Emily tells her son Paul, now six years old, the story of his life - how she sought motherhood, to be a mom without a husband, to raise a perfect, exceptional child, whom she calls Loverboy. In flashbacks told around a pretend car trip they take - so he can practice driving - we see Paul's infancy, their fun together (sometimes with a manic edge), and his growing desire to go to school and be with other kids. We also flash back to Emily's childhood, with parents so bound up with each other that she's virtually ignored. Is Emily going to be able to let Paul be with others? Or, can she, as in the David Bowie song she sings at a school talent show, construct a life on Mars? Written by
Fitting in with the outside world, respectability, suitability, conformity, were never high on my priority list; neither was normalcy. I admit: I cultivated arrogance. The world would be our school; I wanted to learn it and teach it to you.
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A Beautifully Acted, Disturbing Story About Obsessive Mothering
Kevin Bacon directs this bizarre story adapted by Hannah Shakespeare from Victoria Redel's novel about maternal obsession providing his wife Kyra Sedgwick with a role to spotlight just how fine an actress she truly is. The story is disturbing but vitally interesting. There are problems with the film, the most annoying one being that the dialogue is practically inaudible due to the miking and, more so, due to the musical score which covers all the lines to the point of making the movie seem like a silent movie with music from the pit! Such a shame, because it SEEMS like this is a good script with a lot to say.
Emily (Kyra Sedgwick) is damaged goods, a woman neglected as a child who is determined to have a baby and raise it on her own, lavishing the child with all the affection and attention she desperately missed. After numerous attempts to get pregnant from any available man, she finally succeeds impregnation with Campbell Scott and gives birth to Paul (Dominic Scott Kay) who becomes her entire reason for living. She sequesters Paul form the world, gives him everything a child could want - except association with peers. Her obsession grows to the point of mental illness and the results are devastating. Along the way Emily and Paul encounter people who seek to intervene in their lives: these people are played with great style by cameo roles of Sandra Bullock, Oliver Platt, Kevin Bacon, Marisa Tomei, Matt Dillon, Blair Brown and even some of the Bacon's own children! It is a star cast obviously committed to Kevin Bacon's vision of this star vehicle for Sedgwick.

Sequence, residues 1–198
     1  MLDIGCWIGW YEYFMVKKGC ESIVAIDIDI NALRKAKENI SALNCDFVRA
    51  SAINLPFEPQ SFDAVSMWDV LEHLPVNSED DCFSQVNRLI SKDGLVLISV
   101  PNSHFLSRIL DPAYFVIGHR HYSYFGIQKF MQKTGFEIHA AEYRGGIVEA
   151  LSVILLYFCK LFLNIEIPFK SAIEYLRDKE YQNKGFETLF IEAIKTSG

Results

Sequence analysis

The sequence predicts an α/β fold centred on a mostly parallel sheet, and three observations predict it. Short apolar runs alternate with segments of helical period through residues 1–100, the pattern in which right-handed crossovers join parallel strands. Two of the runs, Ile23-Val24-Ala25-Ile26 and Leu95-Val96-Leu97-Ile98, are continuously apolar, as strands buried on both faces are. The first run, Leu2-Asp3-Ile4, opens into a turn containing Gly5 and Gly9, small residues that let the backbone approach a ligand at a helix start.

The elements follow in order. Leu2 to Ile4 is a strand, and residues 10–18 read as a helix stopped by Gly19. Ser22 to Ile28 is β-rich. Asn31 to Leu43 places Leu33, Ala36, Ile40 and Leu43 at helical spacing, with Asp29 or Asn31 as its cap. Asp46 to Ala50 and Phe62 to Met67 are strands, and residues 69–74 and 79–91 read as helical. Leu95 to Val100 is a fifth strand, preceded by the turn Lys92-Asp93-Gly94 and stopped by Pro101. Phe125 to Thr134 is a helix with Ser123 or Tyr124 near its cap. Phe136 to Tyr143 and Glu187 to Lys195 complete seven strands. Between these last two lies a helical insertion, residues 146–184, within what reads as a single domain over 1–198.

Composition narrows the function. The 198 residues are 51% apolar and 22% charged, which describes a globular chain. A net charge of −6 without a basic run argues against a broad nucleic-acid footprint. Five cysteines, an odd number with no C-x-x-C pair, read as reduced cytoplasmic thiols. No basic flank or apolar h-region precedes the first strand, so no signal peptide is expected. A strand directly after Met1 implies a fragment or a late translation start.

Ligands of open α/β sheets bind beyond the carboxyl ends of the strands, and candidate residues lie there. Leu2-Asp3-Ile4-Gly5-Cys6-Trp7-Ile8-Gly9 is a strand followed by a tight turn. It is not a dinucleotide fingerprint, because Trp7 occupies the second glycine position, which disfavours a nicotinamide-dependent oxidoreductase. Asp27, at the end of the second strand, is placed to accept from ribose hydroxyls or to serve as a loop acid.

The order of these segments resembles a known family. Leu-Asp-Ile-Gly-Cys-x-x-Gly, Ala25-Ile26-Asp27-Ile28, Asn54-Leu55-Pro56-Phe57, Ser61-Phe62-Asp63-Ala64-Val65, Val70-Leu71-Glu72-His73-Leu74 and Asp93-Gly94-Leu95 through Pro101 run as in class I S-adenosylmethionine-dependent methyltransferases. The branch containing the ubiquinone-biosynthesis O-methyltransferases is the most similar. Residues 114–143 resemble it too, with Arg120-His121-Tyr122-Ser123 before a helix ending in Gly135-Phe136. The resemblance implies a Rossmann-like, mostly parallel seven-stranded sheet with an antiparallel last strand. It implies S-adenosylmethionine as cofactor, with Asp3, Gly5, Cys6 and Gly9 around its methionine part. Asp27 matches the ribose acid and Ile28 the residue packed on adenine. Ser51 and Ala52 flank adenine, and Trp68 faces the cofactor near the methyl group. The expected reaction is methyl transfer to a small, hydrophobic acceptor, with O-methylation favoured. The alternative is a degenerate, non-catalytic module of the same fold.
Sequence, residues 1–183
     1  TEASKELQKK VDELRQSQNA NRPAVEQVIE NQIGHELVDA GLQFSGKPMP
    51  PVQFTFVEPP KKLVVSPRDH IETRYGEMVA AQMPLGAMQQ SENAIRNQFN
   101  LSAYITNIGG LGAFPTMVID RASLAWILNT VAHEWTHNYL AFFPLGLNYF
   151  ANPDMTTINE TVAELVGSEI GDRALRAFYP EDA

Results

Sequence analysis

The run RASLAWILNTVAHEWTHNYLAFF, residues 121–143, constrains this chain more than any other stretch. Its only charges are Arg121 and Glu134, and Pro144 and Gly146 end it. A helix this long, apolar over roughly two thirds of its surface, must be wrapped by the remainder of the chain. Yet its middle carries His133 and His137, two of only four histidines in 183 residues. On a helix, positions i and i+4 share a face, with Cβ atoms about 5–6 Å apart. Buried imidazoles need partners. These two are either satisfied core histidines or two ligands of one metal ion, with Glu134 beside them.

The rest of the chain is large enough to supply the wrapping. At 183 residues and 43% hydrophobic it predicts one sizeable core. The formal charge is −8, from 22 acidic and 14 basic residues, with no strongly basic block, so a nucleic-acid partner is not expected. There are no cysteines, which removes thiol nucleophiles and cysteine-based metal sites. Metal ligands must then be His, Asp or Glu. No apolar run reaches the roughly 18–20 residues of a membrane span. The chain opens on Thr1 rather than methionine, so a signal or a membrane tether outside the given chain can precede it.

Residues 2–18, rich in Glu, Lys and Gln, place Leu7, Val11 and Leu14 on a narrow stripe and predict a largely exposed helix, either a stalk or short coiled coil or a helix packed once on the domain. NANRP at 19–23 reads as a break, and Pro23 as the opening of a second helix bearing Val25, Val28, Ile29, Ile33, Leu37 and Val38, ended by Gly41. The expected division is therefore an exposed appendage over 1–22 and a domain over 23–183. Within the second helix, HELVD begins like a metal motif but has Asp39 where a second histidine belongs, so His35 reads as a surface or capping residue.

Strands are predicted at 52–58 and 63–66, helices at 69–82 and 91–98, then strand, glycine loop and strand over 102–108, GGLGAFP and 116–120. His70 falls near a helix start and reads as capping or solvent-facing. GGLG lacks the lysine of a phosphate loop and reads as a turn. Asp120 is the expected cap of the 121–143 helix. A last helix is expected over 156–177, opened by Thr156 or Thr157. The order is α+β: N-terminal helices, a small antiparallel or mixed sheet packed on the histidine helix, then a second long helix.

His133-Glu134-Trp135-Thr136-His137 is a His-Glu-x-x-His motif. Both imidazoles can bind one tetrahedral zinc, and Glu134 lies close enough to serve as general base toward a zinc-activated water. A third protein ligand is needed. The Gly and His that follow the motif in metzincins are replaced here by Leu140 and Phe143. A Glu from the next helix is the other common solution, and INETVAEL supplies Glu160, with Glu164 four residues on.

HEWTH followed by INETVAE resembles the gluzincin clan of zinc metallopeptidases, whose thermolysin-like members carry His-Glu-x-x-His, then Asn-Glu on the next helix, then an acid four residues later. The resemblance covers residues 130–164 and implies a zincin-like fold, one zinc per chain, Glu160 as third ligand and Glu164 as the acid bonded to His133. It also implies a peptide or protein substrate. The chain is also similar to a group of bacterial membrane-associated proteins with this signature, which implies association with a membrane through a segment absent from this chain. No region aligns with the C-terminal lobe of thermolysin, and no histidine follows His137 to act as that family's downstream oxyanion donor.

The pacing, cinematography, and acting are all first rate. If only the ugly and senseless music hadn't submerged the dialogue (oddly enough the score was written by Michael Bacon!), this would be an Oscar contender.
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